Science or science fiction? What Contagion gets right — and wrong — about pandemics
'If you are panicked now, then you should probably give this movie a pass,' says Maureen Taylor
A 2011 film about a disease that kills 26 million people around the world is enjoying a resurgence in popularity, seemingly in response to the growing real-life COVID-19 pandemic.
Contagion, directed by Steven Soderberg, weaves a yarn about a fictitious virus — dubbed MEV-1 — that fells most of the star-studded cast, which includes Gwyneth Paltrow, Kate Winslet and Matt Damon.
Maureen Taylor, a former CBC journalist and physician assistant in infectious diseases, isn't surprised at the film's newfound popularity, which originally hit theatres shortly after the H1N1 influenza outbreak.
"Naturally, people are looking to pop culture to see, 'Hey, what's been said about this before?'" she told Day 6.
According to the New York Times, Contagion has shot up Warner Bros.'s viewer rankings from 270 to the top of the list, behind only the Harry Potter films.
Taylor says Contagion gets a lot of things right about pandemics, thanks to extensive consultations with scientists during its production.
But it does sacrifice some details in the name of entertainment, thrills — and horror.
"If you are panicked now, then you should probably give this movie a pass. I mean — 26 million dead? Not good."
Here are some of the things Taylor says Contagion gets right, and one it gets very wrong, about real-life pandemics.
The good: animal origins, scientific terms
The virus in Contagion originated in bats, but it didn't become a threat until it spread from a bat to a pig, which in turn made it more easily transmitted to humans.
"And guess what? That happens all the time," she said.
Viruses that originate with one animal, spread to another "intermediary host" before reaching humans is known as a zoonotic disease. Taylor says this also includes SARS and avian influenza (or bird flu).
In one scene, Kate Winslet, who plays a researcher with the U.S. Epidemic Intelligence Service, explains several scientific terms to other officials from the Centers for Disease Control and Prevention (CDC).
"She's using terms that you're probably seeing in news stories about COVID 19-right now," said Taylor.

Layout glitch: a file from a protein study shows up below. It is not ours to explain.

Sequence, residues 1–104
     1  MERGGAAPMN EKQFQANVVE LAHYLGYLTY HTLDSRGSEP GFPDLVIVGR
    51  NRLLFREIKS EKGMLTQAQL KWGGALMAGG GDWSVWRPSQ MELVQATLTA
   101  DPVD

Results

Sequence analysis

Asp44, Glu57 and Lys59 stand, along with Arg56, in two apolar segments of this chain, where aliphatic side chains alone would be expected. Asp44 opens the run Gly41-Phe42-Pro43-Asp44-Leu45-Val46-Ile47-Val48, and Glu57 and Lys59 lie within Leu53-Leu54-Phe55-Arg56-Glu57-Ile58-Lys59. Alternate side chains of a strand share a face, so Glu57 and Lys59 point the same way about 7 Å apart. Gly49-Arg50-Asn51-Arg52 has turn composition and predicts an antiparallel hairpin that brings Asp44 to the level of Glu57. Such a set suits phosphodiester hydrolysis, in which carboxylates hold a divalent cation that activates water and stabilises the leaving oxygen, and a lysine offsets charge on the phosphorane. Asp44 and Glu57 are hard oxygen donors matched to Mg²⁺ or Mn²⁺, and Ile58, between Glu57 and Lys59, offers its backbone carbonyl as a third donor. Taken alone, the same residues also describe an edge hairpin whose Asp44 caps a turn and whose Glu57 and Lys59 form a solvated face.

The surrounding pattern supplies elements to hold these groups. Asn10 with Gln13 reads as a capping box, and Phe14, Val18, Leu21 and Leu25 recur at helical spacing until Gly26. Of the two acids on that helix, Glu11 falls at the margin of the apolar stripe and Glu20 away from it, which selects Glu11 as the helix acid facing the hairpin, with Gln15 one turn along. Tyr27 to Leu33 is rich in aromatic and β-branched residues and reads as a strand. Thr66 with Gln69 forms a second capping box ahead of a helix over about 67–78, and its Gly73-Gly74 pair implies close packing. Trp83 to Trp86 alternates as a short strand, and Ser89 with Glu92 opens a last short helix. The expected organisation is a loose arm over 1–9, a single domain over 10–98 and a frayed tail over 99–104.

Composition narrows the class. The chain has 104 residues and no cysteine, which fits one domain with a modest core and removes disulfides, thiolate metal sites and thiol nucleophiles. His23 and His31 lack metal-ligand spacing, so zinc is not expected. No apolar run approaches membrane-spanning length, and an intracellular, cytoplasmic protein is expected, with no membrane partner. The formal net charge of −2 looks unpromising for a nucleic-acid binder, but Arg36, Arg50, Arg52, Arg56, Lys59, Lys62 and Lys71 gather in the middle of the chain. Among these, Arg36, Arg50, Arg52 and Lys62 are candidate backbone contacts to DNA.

Those terms include the R-0, or the rate at which a virus will spread among human hosts, and fomites: inanimate objects and surfaces like doorknobs, clothing or human hair that can transfer a virus on physical contact.
Searching for patient zero
Taylor also commended Winslet's character for investigating the exact place and time a person was first infected with the virus.
In the film's case, a careless chef, his hands caked with pig's blood, shakes the hand of Gwyneth Paltrow's character, who is the first to suffer symptoms and die from the virus.
But the chef never showed any symptoms.
"We never see him get sick, and that's important, because the virus can only survive if some of its human hosts survive long enough to pass it on to other people," said Taylor.
Spreading like wildfire
In just a few days — and within Contagion's lean 106-minute running time — the virus has spread to all corners of the globe with alarming speed.
"You know you might wonder: is that science fiction? Can a virus actually move around the world and kill people so quickly? But actually it can, with air travel today. This can absolutely happen," Taylor said.
She cited one theory that a man with SARS may have spread the disease by coughing or vomiting near a hotel elevator or in his room in Hong Kong's Kowloon district, exposing it to other hotel patrons.
One of those people returned home to Canada, planting the seeds of the outbreak in Toronto that killed 44 people.
"And it all happened within a matter of days," said Taylor.
Stoking public fears
Jude Law plays a freelance writer who hawks a fake cure to MEV-1 made of forsythia, and concocts a conspiracy theory that the pharmaceutical industry is withholding an already-completed vaccine, stoking the public's fears and hysteria.
"Lots of people are listening to him. And what happens is people start invading each other's homes looking for forsythia. ... Matt Damon can't even find food for his daughter," Taylor said.
According to Taylor, it's an extreme version of fears about a viral outbreak, the latest of which has so far resulted in grocery store aisles with customers clearing out shelves of toilet paper and hand sanitizer.
"I think we're going to see a little more panic in Canada over COVID-19 over the next few days. But I really hope, and I don't think, we will deteriorate to quite that level," she said.
The bad: a brain full of 'goop'
Not everything in Contagion passed Taylor's scientific smell test. The gruesome nature in which MEV-1 takes the life of Paltrow's character sticks out.
"She looks sick, but she hasn't even called her doctor to make an appointment yet. And all of a sudden she falls to the ground, she's foaming at the mouth, she's having seizures," she said.
Finally watched Steven Soderbergh's CONTAGION (2011), a movie that feels even more relevant and timely now than when it was released. Shows methodical exploration of the threat of viral epidemic. Such an effective, well-made & scary medical thriller. <a href="https://t.co/rLnDhMoO5K">pic.twitter.com/rLnDhMoO5K</a>—@itsNaCool
At the character's autopsy, two pathologists open up her brain — and uncover a grisly sight.
"They stand back in horror, because apparently Paltrow's brain is full of goop — pun intended," said Taylor.
"There's lots of viruses that do lots of bad things to the brain — inflammation and stuff. But I don't think they turn your brain to goop."
Written by Jonathan Ore. Interview produced by Yamri Taddese.
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